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Kenji Mizoguchi's powerful account of a group of streetwalkers struggling to survive in the red-light district of contemporary Tokyo led to the outlawing of prostitution in Japan.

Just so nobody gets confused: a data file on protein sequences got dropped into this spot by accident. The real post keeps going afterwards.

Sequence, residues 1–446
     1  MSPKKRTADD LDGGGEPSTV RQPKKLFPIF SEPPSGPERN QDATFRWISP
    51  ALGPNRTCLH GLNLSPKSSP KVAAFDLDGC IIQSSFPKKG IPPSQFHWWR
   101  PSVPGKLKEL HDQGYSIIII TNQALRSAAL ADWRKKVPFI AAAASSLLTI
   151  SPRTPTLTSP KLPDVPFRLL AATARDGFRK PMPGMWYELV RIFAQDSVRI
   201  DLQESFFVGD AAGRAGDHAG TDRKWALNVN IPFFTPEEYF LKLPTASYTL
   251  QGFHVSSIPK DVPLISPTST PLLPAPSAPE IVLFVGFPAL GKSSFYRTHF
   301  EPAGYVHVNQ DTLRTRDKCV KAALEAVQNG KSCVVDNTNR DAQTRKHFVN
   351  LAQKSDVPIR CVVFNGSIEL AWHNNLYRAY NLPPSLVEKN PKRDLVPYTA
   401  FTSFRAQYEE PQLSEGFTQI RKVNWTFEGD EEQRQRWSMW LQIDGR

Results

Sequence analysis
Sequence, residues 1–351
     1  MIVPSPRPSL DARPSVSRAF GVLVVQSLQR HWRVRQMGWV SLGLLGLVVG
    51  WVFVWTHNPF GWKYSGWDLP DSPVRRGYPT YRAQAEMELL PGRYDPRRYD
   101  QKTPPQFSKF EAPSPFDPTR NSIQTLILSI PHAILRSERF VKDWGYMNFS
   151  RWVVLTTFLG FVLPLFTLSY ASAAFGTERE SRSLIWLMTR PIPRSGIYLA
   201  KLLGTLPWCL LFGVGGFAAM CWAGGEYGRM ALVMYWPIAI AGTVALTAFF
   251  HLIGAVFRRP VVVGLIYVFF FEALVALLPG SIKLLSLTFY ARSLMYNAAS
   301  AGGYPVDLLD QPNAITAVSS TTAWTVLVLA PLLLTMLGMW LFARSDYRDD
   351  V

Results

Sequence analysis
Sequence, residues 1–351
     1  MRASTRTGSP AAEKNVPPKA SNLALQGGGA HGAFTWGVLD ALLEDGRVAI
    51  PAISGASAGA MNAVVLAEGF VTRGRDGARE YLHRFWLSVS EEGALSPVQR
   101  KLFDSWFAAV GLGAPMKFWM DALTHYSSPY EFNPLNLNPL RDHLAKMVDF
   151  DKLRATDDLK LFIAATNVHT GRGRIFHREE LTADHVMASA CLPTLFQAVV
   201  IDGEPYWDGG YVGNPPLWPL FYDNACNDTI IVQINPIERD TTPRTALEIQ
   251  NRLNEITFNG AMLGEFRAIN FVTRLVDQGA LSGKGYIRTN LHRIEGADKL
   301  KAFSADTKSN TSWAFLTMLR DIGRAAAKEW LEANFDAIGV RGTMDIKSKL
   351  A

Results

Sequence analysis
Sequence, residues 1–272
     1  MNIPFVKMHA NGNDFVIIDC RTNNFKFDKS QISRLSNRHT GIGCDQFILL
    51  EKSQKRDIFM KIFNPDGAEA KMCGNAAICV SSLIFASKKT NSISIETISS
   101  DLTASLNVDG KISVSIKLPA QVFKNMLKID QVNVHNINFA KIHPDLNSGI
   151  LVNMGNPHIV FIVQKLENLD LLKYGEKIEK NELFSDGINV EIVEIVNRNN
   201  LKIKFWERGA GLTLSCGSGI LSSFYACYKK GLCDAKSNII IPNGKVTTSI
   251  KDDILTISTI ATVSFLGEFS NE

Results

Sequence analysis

This overwhelming work was Mizoguchi's last, and one of his greatest — Mizoguchi authority Jean Douchet chose Street of Shame as his favourite work of Japanese cinema ("For me, along with Chaplin's M. Verdoux and Renoir's La Règle du jeu, the greatest film in the history of cinema"), and Donald Richie dubbed it "the best of all films examining the problems of women in postwar Japan." The "street of shame" runs through Tokyo's red-light district, where the women at the Dreamland brothel eke out a living for their families. Mizoguchi's wrenching portrait of this group of prostitutes, from a hard-boiled glamour girl called Mickey (Machiko Kyo) to a widow in her forties worried about her fading beauty (Ayako Wakao), was so powerful in its indictment of women's oppression that, a year after its release, it led to a government bill outlawing prostitution. "Devastating . . . A heightened realism not often seen in Japanese films at the time" (Senses of Cinema); "A grim but profoundly moving study . . . intent and heart-rending" (Time Out).